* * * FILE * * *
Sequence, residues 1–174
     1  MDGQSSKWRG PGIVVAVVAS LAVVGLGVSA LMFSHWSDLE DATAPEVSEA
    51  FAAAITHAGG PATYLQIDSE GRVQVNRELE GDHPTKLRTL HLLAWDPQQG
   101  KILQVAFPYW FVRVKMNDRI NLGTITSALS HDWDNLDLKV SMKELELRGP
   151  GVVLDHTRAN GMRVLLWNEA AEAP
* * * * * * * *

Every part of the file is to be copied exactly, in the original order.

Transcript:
Sequence, residues 1–174
     1  MDGQSSKWRG PGIVVAVVAS LAVVGLGVSA LMFSHWSDLE DATAPEVSEA
    51  FAAAITHAGG PATYLQIDSE GRVQVNRELE GDHPTKLRTL HLLAWDPQQG
   101  KILQVAFPYW FVRVKMNDRI NLGTITSALS HDWDNLDLKV SMKELELRGP
   151  GVVLDHTRAN GMRVLLWNEA AEAP